The company’s many different areas of expertise are evident right on the Fuji Film home page with sections called out on the bottom of the central image: optical technology, nanotechnology, sustainability, and social responsibility.
Each of the sections gets a turn as the main image on the home page as the attractive images roll at a steady pace from one to another. When you’re a company that’s all about images, you better make sure they’re attractive and intriguing. Fuji seems to score on both counts.
And the text doesn’t disappoint, either. On each section front, the copy sells the company as innovative and forward-thinking: “Pictures let people transcend space and time to convey emotional experiences across generations,” one section front reads. “The latest digital technology from Fujifilm preserves precious memories with intimate realism for posterity.”
Another reads, “Photographic film and human skin share an essential ingredient called collagen. Fujifilm combined its ultrafine particle technology with its in-depth knowledge of collagen to formulate innovative skin-care products.”
Of course they did. Makes you wonder why you didn’t think of it yourself, right?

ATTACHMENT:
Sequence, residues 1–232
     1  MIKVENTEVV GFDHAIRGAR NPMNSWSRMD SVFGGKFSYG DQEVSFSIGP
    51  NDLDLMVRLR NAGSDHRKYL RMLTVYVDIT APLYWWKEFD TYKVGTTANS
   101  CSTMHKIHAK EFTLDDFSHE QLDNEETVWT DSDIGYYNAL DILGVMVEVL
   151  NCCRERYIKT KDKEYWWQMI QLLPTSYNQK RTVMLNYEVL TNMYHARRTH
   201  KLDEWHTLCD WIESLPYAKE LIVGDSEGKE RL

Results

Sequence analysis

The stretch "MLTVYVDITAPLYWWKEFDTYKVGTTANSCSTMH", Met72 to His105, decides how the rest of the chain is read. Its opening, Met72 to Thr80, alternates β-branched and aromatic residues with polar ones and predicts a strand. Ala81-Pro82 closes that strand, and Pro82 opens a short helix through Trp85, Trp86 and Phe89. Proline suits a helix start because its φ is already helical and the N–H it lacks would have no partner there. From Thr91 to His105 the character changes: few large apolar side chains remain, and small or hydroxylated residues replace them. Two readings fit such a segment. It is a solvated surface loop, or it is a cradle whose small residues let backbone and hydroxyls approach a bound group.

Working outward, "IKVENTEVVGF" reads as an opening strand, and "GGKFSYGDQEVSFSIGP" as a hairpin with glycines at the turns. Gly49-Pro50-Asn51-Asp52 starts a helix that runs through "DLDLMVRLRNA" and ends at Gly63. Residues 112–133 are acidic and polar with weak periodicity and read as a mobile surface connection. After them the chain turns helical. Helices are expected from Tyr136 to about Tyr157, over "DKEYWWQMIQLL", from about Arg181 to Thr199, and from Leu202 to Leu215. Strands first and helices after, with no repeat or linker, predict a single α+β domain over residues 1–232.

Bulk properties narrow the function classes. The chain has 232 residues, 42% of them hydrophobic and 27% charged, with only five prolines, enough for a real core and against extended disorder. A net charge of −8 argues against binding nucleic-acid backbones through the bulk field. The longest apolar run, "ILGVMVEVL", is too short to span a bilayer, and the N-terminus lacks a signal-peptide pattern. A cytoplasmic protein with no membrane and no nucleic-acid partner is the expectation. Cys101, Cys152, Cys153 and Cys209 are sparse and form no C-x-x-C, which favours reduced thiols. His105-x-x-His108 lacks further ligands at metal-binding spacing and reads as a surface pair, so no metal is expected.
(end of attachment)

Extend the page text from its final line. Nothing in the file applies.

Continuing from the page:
Across the top of the site are your more general, work-a-day section heads: Home, Products, Support, News, About Us, and one that is clearly a subject the company is trying to showcase itself as being involved in: Sustainability.
This section features info on just how the company is trying to shrink its carbon footprint, use more natural resources, and package things more efficiently, among other things. One impressive thing in this section is the company’s forthrightness with sustainability reports. It provides PDFs of reports that fills curious consumers in on just how they are doing in different areas. For those who only want to fork over their cash to corporations that are environmentally conscious, the reports are a welcome touch.
Each of those work-a-day sections is stuffed with info, which works in stark contrast to how Fuji uses social media.
At the top the Info tab on Fuji’s page presence, it reads, “Basic Information.” This could really be the title of Fuji’s overall social-media efforts.
Around 8,398 people “like” Fuji’s Facebook page at this point, but it doesn’t offer a lot of extra goodies to consumers. The page’s Wall consists of people either singing Fuji’s praises or expressing displeasure in one product or another. Customer-service reps seem ready to deal with either response.
The Info page gives a very basic rundown of the 76-year-old company: “On October 1st 2006, a new era began in which FUJIFILM Corporation has taken over the business operations of the former Fuji Photo Film Co., Ltd. under the overall direction of the” … and that sort of thing.
There are no past or future events on the Events page. There are actually seven discussions on the Discussions page, but the latest attempt at one was a month ago and it appears that five of them have only one post from the person who was trying to start the conversation. Kind of sad.